Finally, compared to the Tyke Toter, we far prefer the Shotgun seat. It allows you to use a dropper or carbon post and provides foot straps to keep your child’s feet safe.
|Seat||Mounting||Max Rider Weight|
|Do Little||Frame||60 lbs|
|Kids Ride Shotgun*||Frame||48 lbs|
Bottom-Line: A Bike Seat That Will Make Your Life More Fun
We’re all about having options, and we love that with Kids Ride Shotgun, we now have yet another seat available for mountain biking with young kids. It’s particularly well suited for mountain bikers who choose to ride with zero stack or who want to ride with their dropper inserted all the way into the seat tube. (Two scenarios that the MacRide is not compatible with).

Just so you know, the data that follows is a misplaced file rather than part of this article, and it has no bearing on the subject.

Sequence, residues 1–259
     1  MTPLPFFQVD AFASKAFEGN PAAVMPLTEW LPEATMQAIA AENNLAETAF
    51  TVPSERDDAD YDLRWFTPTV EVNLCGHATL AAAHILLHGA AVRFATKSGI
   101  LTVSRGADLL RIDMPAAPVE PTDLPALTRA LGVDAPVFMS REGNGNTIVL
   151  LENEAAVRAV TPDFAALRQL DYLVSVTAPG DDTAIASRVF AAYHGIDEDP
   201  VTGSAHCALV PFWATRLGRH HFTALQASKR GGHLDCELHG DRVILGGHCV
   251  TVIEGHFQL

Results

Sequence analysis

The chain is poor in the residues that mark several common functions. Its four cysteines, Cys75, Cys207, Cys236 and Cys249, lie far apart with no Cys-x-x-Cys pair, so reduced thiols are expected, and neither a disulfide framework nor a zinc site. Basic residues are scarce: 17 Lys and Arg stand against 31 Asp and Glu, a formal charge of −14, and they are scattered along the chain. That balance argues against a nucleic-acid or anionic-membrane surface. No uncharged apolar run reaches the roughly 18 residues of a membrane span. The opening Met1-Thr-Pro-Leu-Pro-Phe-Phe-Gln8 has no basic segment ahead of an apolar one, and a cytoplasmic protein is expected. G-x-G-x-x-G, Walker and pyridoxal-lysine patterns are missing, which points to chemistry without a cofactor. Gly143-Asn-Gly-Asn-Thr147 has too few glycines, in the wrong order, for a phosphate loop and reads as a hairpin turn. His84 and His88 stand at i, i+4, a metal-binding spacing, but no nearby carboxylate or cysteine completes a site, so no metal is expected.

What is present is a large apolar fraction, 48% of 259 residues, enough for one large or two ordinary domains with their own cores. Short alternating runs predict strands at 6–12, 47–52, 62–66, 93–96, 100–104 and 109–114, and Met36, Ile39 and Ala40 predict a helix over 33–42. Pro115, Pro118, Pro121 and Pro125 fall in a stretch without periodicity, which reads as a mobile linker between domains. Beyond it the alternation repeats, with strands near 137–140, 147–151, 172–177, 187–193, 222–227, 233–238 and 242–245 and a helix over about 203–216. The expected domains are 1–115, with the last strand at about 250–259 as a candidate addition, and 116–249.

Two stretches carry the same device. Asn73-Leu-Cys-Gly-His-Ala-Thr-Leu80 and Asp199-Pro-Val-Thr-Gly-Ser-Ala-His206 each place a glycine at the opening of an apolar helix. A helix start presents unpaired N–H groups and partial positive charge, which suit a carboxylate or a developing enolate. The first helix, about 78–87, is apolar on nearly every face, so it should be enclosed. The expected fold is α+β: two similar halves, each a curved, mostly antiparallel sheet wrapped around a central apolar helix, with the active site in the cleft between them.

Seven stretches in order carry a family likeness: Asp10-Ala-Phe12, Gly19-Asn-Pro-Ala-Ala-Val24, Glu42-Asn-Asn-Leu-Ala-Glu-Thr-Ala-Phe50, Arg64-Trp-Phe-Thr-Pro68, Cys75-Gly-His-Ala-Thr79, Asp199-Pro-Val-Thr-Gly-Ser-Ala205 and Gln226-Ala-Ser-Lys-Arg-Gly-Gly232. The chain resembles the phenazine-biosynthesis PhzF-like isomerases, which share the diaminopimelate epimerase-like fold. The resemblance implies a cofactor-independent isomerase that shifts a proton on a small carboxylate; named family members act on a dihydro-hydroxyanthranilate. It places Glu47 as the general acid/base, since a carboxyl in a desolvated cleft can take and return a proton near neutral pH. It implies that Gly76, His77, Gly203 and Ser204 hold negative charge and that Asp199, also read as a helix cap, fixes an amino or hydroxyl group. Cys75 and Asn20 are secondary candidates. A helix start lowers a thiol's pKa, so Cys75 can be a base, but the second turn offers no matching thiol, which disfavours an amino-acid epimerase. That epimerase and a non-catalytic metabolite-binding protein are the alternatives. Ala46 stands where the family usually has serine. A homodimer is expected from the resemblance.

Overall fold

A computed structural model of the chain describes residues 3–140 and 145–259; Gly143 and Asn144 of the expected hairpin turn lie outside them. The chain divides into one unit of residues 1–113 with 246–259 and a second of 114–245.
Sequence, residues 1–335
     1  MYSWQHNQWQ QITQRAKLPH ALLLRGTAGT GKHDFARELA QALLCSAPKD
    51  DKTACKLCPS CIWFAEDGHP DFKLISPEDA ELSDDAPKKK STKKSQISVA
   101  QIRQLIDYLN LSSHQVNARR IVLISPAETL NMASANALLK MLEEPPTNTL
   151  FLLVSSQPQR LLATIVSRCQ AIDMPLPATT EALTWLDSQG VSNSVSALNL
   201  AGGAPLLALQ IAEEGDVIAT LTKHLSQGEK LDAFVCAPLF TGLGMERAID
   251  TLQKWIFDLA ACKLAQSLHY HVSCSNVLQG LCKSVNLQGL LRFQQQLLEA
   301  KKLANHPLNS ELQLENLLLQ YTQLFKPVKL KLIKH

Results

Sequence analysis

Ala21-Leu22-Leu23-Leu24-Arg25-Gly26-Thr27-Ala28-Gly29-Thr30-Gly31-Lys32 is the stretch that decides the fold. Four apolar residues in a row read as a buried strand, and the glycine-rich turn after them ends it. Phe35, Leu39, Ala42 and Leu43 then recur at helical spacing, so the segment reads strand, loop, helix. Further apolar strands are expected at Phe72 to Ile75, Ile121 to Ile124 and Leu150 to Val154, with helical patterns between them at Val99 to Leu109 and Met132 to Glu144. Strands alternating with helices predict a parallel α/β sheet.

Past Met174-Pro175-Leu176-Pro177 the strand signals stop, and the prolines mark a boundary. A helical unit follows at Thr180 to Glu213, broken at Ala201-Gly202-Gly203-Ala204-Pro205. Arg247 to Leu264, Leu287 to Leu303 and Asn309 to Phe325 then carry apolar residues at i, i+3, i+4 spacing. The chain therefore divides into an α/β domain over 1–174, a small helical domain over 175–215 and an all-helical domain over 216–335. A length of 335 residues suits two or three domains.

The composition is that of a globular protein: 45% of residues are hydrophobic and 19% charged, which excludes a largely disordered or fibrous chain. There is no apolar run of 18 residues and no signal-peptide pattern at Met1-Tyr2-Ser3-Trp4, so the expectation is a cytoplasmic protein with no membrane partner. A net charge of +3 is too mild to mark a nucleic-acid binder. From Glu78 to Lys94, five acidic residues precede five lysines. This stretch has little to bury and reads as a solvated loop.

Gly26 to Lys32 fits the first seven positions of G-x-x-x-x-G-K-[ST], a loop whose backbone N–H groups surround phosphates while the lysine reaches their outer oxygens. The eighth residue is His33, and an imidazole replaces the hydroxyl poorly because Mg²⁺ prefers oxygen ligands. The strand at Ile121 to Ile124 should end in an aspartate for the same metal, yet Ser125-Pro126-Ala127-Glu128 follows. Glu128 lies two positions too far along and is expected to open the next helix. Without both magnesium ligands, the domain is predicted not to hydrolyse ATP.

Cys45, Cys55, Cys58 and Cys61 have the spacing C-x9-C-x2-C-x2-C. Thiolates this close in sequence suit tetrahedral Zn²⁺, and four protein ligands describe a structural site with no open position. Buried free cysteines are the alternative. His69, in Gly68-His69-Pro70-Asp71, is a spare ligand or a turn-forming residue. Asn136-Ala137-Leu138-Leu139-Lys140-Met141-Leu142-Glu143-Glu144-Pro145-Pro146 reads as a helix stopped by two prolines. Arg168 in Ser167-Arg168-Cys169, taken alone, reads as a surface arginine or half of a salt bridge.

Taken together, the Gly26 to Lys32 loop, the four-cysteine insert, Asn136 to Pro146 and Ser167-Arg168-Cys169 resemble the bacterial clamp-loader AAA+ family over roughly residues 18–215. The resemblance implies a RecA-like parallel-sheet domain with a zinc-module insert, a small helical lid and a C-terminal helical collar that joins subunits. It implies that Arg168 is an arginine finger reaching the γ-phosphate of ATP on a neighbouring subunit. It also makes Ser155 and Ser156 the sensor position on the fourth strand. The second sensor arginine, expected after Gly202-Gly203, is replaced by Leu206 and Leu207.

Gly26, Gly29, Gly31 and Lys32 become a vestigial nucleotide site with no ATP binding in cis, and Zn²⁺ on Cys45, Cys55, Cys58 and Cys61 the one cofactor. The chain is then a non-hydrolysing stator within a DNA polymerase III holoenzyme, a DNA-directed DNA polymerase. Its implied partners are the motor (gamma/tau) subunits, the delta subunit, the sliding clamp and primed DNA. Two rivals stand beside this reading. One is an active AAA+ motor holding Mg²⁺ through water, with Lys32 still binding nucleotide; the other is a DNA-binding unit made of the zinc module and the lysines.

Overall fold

In our opinion, it’s far preferable to a traditional trailer (which is confined to double track or rail trails) or a trailer-cycle like the Weehoo. It’s lightweight, doesn’t have turning radius issues, and is simply more fun and interactive for kids.
If you want to fit more rides into your busy family schedule, bond with your child, and just have a heck of a lot of fun with your favorite little partner, getting the Shotgun seat is a no-brainer.
Make An Informed Purchase
If you’re the type that likes to do plenty of research before making a purchase, you might like these posts as well.
About the Reviewer: Kristen Bonkoski is the founder and owner of Rascal Rides and Femme Cyclist. She’s a mom and avid mountain bike rider and racer. In addition to biking, Kristen likes camping, trail running, and eating ice cream.
Disclosure: We received a seat from Kids Ride Shotgun to help facilitate this review. We did not receive any monetary compensation and all opinions are our own. The majority of the links on this site are affiliate links and we earn from qualifying purchases.